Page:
Panama opens Asia to US LNG exports
Australian megaprojects are under threat from Atlantic basin producers, as expansion of the Panama Canal opens a new LNG trading route, writes Kwok W Wan
Without the Panama Canal expansion, one trader estimated a round trip from the US Gulf coast to Asia could nearly double shipping costs to $6/million Btu, nudging US LNG exports above Australian prices.
"The economics is fine in today's market – US exports could go to any market. By the time [Sabine Pass] comes on stream, the Panama Canal will have been widened and LNG carriers will be able to transit. So it's reasonable to assume quite a bit [of Sabine Pass' LNG] will go to Asia," said Tony Regan, principal LNG consultant at Tri-Zen.
The US already re-exports imported LNG – rather than domestically produced LNG – from Gulf Coast terminals. According to government data, the country has re-exported 24 cargoes since the beginning of 2010. Of these, 12 cargoes went to Asia, nine to Europe and three to South America. But the widening of the Panama Canal will tip the balance further towards Asian deliveries. The upgrade will allow all but two of the global LNG tanker fleet to pass through. By 2014, the LNG tanker fleet is expected to number 433. BG's master plan
BG also has the advantage of operating its own LNG tanker fleet, as well as owning import-capacity rights in the US, UK, Chile and Italy. Last year, BG said that although it had a core fleet of 11, and two flexible vessels, it utilised 17-23 ships at any one time. The company also has upstream shale-gas stakes in the US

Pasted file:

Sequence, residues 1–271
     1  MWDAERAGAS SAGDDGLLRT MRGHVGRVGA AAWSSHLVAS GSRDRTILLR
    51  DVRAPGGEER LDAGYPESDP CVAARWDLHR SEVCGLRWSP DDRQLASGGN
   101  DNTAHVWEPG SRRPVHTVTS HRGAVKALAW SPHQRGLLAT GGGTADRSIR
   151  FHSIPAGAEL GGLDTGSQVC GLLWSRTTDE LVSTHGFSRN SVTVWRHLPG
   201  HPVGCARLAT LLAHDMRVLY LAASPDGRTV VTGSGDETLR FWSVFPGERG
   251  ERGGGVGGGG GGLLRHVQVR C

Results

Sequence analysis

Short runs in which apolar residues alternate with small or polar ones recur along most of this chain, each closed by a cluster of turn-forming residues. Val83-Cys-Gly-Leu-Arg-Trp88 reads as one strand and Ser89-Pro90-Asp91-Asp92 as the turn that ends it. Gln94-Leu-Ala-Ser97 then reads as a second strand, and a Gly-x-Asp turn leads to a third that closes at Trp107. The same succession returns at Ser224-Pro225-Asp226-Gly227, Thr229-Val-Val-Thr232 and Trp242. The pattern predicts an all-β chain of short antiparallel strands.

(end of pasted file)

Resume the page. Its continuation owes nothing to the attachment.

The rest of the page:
, which could be used to hedge its LNG business.
"The issue is what happens if Henry Hub prices go up to $8/million Btu or higher. US exports may still work to most markets, but it's also a neat hedge, because anything BG loses on the LNG cargoes because of higher US prices, it makes up by securing a higher return for its US gas production," Tri-Zen's Regan said.
BG partners Exco in developing shale-gas acreage in the US Haynesville and Marcellus plays. It is also developing the 8.5 million t/y Queensland Curtis LNG (QCLNG) project in Australia – based on coal-bed methane resources – with first cargoes expected in 2014. From QCLNG, BG has already secured a 3.6 million t/y purchase deal with China's CNOOC and a 1.2 million t/y agreement with Tokyo Gas.